The Female Fertility Clock: What We Should Know About Our Bodies

More and more women are choosing to focus on their career in their twenties and thirties, leaving behind biologically ideal timelines for conceiving children.

By Noelle Ottinger2 min read

If you are past the peak of child-bearing years, you may wonder just how many eggs you have left in your fertility basket. Here are some statistics and options to keep in mind if you are planning on having children one day.

How Many Eggs Are There?

At birth, women carry all the eggs they will ever have in their lifetime, which is about 2 million, with 11,000 dying every month prior to puberty. Around age 30, women have only 12% of their ovarian follicular cells left, which develop into eggs. After 30, a woman has a 20% chance of getting pregnant per menstrual cycle, and by the time she reaches 40, she has a 5% chance of bearing children.

After 30, a woman has a 20% chance of getting pregnant per menstrual cycle, and by the time she reaches 40, she has a 5% chance of bearing children.

Just as the old adage goes, "Quality over quantity." The egg count is not the end-all-be-all; it is the quality of eggs that are the most important in determining a woman's chance of conception. Ovulating a healthy egg every cycle is better predictor of a healthy pregnancy and a healthy baby than having many eggs left. Taking certain supplements, like CoQ10 and other antioxidants, for three to four months before trying to conceive can improve egg quality.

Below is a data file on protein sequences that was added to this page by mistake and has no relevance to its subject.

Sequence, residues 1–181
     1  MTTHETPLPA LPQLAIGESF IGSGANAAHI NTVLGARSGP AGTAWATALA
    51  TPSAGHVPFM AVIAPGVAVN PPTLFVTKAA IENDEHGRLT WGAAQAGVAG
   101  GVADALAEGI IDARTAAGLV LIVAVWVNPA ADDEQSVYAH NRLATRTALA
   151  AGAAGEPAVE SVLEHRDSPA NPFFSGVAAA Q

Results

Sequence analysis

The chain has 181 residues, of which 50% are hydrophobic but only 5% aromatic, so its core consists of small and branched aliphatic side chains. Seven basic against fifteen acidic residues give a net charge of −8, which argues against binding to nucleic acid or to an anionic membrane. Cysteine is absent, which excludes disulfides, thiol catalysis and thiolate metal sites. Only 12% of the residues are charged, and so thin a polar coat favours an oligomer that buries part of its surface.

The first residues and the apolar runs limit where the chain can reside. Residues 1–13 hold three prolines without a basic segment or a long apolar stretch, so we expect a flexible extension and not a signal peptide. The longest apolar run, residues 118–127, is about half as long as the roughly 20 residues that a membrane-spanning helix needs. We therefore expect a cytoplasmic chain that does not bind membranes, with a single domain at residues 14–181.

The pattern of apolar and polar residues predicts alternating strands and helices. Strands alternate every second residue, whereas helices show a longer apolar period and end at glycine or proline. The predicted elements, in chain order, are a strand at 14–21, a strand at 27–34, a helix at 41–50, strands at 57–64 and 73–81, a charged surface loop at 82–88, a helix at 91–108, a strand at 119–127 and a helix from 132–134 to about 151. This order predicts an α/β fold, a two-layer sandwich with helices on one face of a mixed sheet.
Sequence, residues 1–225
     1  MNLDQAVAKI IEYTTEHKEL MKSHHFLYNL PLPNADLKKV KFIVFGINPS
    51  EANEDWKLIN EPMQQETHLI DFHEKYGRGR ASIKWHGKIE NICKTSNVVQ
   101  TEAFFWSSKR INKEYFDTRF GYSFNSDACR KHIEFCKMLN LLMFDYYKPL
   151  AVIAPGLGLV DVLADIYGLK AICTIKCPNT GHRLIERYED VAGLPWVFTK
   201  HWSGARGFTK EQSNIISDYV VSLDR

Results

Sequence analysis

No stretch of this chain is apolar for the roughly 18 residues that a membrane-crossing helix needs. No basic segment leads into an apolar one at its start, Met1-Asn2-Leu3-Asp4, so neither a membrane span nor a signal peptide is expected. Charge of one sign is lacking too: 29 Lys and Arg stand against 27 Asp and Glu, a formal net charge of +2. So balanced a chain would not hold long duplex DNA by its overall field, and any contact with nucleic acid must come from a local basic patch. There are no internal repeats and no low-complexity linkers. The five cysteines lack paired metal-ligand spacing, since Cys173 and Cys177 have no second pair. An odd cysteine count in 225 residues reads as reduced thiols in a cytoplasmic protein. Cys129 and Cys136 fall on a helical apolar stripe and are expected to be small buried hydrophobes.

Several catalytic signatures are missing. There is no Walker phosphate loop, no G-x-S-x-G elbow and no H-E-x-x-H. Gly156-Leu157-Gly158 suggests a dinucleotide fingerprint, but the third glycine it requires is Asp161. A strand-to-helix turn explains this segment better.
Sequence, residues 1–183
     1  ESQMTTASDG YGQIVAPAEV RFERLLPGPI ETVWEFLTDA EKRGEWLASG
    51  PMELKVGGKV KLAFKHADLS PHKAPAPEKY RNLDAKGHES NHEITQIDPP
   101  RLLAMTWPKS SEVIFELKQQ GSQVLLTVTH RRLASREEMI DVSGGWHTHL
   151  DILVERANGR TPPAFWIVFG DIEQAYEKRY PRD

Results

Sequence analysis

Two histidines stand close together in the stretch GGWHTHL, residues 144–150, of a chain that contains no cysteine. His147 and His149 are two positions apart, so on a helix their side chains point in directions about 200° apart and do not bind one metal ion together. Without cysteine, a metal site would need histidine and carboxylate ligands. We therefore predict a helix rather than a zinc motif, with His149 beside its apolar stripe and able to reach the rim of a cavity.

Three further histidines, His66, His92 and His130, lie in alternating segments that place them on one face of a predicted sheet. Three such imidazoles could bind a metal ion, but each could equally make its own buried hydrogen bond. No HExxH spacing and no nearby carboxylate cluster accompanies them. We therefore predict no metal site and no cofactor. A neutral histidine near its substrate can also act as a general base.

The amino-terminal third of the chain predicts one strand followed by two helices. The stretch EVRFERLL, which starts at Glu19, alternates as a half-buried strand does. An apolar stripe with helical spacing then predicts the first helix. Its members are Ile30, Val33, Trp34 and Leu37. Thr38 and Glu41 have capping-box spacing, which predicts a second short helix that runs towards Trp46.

Dr. Marie Savard, author of Ask Dr. Marie: What Women Must Know about Hormones, Libido, and the Medical Problems No One Talks About, says, "the biological clock does tick," and advised women who want kids, "the sooner, the better."

Here Are the Different Tests To Consider

Fortunately, there are many new tests that can evaluate your egg health and determine the likelihood of entering into beautiful motherhood. 

  • Ovarian Reserve Tests: ORTs are the first step in determining success in achieving pregnancy. These tests are given to subfertile women as a baseline to determine their ovarian count and response before In-Vitro Fertilization (IVF). The most common tests include a basal follicle-stimulating hormone, an anti-Mullerian hormone, and antral follicle count. ORTs are important for IVF because IVF needs many eggs to increase it's chances of success.

  • Hormone testing: Measures the level of ovulatory hormones and pituitary hormones, along with the Follicle-stimulating hormone, which controls your menstrual cycle and egg production.

  • Estradiol Test: A blood test that measures estradiol, a hormone found in your blood. Estradiol is a form of estrogen which is found in the ovaries, placenta, and adrenal cortex which is responsible for feeding a developing fetus.

  • 25-Hydroxy Vitamin D Test: A blood test that measures Calcidiol, our main form of stored vitamin D, which is responsible for maintaining skeletal and metabolic health.

  • Imaging tests: Pelvic ultrasounds that look for uterine and ovarian issues. Sonohysterograms can also be used to assess any issues further inside the uterus that typical ultrasounds don't pick up. 

Closing Thoughts

As more women choose to focus on their careers over starting families, their ability to conceive (after 30) consequently dwindles. This shouldn't anger us, but rather empower us to make more informed decisions. It's becoming the norm that as traditional gender roles are challenged daily, important biological realities are being excluded from the conversation.

However, there are many women who have healthy children well into their thirties and early forties. With advancements in modern medicine, having healthy babies after 35 may even become more common.